To my own disbelief, I felt compassion for a former President who I had despised for over a decade. Through high school and college, I didn’t know how to feel anything other than anger towards our then-President.  But from taking only a few evenings to read through the other side’s perspective, all of that anger just magically vanished.  I came to understand that I didn’t have to agree with Bush’s opinions.  I didn’t have to like his questionable leadership abilities, and I didn’t have to like him as a person.  But as an educated citizen, I felt responsible to escape the liberal bubble that I had grown up in, and to always go out of my way to understand multiple perspectives before giving judgement.

The most difficult part through all of this has been talking with friends and former classmates about this.  ”Why would you care to read what that idiot Bush thinks?”  I’ve since had to come to the rescue for Obama, who’s now undergoing scrutiny for his inability to magically fix our economy.  Scrutinizing others is easy, but finding the courage to compliment them is far more difficult.  When people criticize our former leaders, I try to pass on the saying my mom left me with many years ago.  

If being President is so easy, why don’t you try running the country yourself?

31 8 / 2011

Our friends at GiftRocket put together a very cool infographic on Paul Graham’s “Startup Ideas We’d Like to Fund”.  Back in 2008, he put together 30 problem spaces he thought startups should tackle.  

inDinero specifically attacks idea #21:

21. Finance software for individuals and small businesses. Intuit seems ripe for picking off. The difficulty is that they’ve got data connections with all the banks. That’s hard for a small startup to match. But if you can start in a neighboring area and gradually expand into their territory, you could displace them.

I remember looking at this list in the winter of 2009, long before Andy and I had even considered applying to Y Combinator.  We already knew we were excited about this problem space, but seeing our idea on PG’s list gave us extra validation that we were going after a problem that few had solved well.  But it is so vague and unspecific that it forces you to still think through the specifics of your idea, and which specific problems you care to solve.  

I remember putting together a bunch of finance-related ideas:  helping people get out of debt, helping people with their investments, replacing QuickBooks, and we came up with a list of reasons for why each idea was terrible.  And eventually settled on creating a financial dashboard for businesses.  

If you’re looking for a business idea to work on, I’d start with a high-level problem space that you’re passionate about, then narrow it down from there.

Created by GiftRocket gift cards

26 8 / 2011

I recently had a great chat with William Channer over at Dorm Room Tycoon, and we talked about everything from product development to improving funnel metrics.  He has also interviewed inDinero angel investors Steve Blank and Jude Gomila.

Here’s the interview:  http://www.dormroomtycoon.com/jessica-mah-indinero-interview-steps-to-great-product-strategy-startup-interview/

08 8 / 2011

Over the past few weeks, I’ve come to notice that companies known for raising absurds amount of money are often founded by entrepreneurs who’ve succeeded multiple times before.  Off the top of my head, there’s Color ($42M), Flipboard ($10M A-round, $50M follow-on), Adkeeper ($8M A, $35M follow-on 4 months later), and plenty others that raised $5M-$10M before even launching.  

At first I thought this was crazy, but I think I finally understand.  Building a good software firm is far more expensive than people may think — yes, you could have 5 guys sitting in a living room coding, and that costs virtually nothing.  This is how inDinero was just a year ago, and we figured that everyone raising more than $1M pre-launch was crazy.  Boy were we wrong…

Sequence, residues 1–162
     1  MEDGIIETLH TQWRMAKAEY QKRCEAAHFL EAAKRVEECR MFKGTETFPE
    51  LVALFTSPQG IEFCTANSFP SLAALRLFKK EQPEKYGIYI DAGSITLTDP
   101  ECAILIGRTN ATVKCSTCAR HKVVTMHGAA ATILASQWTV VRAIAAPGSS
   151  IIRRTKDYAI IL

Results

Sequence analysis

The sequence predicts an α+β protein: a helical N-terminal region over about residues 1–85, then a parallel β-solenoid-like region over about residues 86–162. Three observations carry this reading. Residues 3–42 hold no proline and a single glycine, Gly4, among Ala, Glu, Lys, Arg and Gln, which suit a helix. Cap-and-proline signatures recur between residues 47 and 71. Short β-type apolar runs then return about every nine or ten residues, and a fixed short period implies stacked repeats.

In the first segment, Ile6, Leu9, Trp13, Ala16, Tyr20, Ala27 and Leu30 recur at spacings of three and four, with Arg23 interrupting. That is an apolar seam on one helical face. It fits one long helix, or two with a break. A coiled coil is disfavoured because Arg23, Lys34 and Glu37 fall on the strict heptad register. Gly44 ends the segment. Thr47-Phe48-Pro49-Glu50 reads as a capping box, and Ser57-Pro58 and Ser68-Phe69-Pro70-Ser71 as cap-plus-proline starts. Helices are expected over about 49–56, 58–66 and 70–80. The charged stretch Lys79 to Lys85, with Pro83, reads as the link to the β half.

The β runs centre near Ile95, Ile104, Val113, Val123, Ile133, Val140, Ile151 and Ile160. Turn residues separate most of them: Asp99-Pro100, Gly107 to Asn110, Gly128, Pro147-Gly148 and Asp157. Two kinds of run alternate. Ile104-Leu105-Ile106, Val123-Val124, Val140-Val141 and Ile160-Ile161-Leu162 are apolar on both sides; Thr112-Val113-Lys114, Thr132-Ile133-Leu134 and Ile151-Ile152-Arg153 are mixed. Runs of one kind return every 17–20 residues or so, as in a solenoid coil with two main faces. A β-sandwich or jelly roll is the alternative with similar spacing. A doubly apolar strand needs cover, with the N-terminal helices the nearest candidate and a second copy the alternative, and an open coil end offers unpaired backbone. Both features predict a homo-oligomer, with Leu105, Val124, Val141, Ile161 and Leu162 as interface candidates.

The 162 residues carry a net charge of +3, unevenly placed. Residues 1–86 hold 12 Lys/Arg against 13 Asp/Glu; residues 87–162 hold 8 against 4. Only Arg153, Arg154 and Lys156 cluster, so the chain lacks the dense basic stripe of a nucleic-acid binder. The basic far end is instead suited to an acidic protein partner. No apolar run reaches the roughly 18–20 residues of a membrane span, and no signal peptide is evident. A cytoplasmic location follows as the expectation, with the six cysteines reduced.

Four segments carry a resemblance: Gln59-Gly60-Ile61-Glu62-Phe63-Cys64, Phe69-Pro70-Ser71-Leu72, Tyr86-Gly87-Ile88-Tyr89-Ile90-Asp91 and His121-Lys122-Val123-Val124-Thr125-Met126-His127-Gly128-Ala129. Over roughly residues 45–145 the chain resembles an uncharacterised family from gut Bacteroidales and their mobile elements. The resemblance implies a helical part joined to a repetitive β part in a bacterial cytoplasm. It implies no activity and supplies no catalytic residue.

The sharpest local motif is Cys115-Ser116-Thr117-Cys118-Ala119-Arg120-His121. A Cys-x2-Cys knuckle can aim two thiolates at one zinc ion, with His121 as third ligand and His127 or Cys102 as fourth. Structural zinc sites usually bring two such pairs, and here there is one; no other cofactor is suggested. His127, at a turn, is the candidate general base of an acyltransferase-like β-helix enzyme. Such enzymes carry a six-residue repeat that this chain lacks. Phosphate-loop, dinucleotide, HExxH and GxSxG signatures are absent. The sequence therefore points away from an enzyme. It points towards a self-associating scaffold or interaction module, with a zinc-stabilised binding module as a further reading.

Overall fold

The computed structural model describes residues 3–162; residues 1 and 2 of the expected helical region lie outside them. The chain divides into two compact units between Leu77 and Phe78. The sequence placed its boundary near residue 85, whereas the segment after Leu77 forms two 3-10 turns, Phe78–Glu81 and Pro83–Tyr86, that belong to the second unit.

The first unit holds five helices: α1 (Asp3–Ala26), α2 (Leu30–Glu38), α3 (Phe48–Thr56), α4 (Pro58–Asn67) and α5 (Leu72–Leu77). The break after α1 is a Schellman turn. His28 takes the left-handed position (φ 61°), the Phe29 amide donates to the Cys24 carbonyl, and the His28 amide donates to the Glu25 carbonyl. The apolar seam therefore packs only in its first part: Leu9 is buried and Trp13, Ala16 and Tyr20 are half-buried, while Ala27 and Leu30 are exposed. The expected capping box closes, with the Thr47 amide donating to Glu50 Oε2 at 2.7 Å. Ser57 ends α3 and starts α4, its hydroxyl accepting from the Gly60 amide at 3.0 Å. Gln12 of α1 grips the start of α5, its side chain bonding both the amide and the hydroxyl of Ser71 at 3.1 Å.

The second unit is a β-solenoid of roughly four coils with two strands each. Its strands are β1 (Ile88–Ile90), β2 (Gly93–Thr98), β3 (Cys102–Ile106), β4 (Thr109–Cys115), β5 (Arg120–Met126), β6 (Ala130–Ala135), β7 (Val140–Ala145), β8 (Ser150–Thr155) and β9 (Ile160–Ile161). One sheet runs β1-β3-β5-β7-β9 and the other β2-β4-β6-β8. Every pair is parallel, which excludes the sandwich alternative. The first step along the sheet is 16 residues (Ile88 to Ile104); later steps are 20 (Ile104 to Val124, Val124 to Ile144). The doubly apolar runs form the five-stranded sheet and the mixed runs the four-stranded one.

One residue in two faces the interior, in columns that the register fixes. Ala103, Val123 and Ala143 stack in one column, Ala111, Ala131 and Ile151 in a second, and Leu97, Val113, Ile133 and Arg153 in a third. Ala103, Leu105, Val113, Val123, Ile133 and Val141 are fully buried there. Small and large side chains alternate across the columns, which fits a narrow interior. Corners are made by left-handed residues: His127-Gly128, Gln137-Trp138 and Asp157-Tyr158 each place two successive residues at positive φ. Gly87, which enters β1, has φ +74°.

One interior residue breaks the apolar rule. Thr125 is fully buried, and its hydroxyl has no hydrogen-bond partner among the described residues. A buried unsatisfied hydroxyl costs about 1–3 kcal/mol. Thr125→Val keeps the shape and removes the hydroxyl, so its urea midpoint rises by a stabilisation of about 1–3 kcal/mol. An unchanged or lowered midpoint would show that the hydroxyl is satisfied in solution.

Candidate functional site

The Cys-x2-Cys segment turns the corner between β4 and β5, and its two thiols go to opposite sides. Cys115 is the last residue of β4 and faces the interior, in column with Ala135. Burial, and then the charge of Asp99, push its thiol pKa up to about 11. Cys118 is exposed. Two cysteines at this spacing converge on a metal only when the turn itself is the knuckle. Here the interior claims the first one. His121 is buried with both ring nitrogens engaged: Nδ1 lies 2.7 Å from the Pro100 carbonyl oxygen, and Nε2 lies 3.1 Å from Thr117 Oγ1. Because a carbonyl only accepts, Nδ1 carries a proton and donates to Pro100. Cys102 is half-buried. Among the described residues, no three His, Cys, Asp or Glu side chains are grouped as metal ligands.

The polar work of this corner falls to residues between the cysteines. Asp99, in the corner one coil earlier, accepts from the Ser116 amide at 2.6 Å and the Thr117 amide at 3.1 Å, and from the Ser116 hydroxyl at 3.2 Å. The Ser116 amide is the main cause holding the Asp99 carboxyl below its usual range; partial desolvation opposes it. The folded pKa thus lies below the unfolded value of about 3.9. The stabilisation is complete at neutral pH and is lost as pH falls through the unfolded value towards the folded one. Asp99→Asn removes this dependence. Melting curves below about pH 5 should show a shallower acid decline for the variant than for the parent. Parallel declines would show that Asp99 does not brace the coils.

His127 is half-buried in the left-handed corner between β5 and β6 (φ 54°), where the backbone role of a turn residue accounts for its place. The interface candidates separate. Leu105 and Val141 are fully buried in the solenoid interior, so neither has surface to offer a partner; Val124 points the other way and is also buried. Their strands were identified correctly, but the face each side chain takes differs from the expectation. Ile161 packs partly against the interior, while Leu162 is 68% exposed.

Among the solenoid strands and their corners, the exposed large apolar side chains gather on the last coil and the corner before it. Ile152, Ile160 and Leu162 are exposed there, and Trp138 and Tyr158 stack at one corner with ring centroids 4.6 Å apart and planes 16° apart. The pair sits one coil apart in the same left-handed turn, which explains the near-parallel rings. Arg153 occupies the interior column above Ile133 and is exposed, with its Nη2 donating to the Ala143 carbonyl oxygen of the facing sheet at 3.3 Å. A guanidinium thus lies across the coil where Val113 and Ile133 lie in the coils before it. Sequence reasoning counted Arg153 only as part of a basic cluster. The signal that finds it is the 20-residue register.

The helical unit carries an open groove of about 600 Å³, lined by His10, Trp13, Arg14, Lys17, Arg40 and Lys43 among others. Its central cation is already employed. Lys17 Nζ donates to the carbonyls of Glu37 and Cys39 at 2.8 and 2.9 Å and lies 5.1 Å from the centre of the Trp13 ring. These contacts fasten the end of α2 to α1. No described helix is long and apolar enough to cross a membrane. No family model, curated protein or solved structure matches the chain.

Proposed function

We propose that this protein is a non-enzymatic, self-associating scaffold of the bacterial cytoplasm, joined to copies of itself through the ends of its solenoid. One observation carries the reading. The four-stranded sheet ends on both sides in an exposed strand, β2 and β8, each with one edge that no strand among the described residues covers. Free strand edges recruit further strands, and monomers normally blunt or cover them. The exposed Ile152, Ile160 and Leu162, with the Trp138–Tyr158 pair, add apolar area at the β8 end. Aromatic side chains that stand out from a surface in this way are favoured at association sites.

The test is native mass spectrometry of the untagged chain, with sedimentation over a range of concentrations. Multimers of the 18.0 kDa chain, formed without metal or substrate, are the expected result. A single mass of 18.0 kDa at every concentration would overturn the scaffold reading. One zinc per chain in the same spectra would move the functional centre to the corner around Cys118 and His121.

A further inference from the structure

Ends up that it costs a lot of money to build a real business.  You have office expenses, server costs, and employees who would rather not live off ramen-level salaries.  Building features takes 3X longer when you’re no longer incubating, because you care about testing and reliablity, you’re dividing your time between building features and assisting existing customers, and you now care about writing maintanable code.  All your fundraising budgets were based around time to develop functionality, and now they’re completely wrong.  Before you know it, you’re raising 2X-3X the original amount you sought to raise.

When I first went out to raise inDinero’s angel round, we were looking to raise between $250k-$500k.  But since we were getting a lot of competition for our deal, we thought we’d raise more.  Before we knew it, we were up to $1M in commitments, and thought we had more cash than we ever knew what to do with.  12 months later, we’ve realized that this was the best thing to happen to us.  As one of our angel investors put it to us, “given favorable terms, raise as much money as possible.”  His rationality was two-fold:  1) the bubble won’t last forever, and 2) startups cost more money and require more time than the entrepreneur ever predicts.  

First-time entrepreneurs frequently ask “how much should I raise?”, to which most investors respond “enough to get you to the next inflection point, which should be 12-18 months.”  From a practical perspective, you should raise money in small chunks only on an as-needed basis.  But this is flawed thinking.  In order to do a successful fundraise, the entrepreneur has to drop everything they’re doing, create competition and hype for their investment round, hope that the market doesn’t dry up in the middle of their raise, and hope that the amount they raise lasts them until their “next inflection point”.  The concept of raising money in small batches no longer seems as feasible anymore.

If I had to do it over again, here’s how I’d think about the “how much to raise” question:

1 - Create a budget for 18 months of runway.  Factor in $5k/month for rent, internet, electricity.  Throw in $100k/year for servers, marketing experiments, conferences, travel, etc… Budget at least $80k/employee in payroll, benefits, insurance, and misc costs.  (you’ll have to budget more if you plan on hiring more experienced talent) 

2 - Multiply this number by 2 because it’ll take twice as long to execute on product roadmap.

3 - Increase the total runway by another 12 months in case the financing markets dry up. (**I believe this is likely to happen)

4 - Assume that I’ll be talking to investors when I have 6-8 months of runway remaining, which means this so called “inflection point” actually needs to happen way sooner than you think.  

—-

The amount you’ll raise will obviously depend on how expensive your engineers are and how much revenue you’re generating.  But if you run this exercise against your original prediction of how much you “need” to raise, you’ll find that your intuition is probably off.  inDinero’s original plan to raise $250k-$500k ended up being $1M, and though I couldn’t understand why we needed that much, it ended up being the right thing to do.  

My only regret is not raising even more.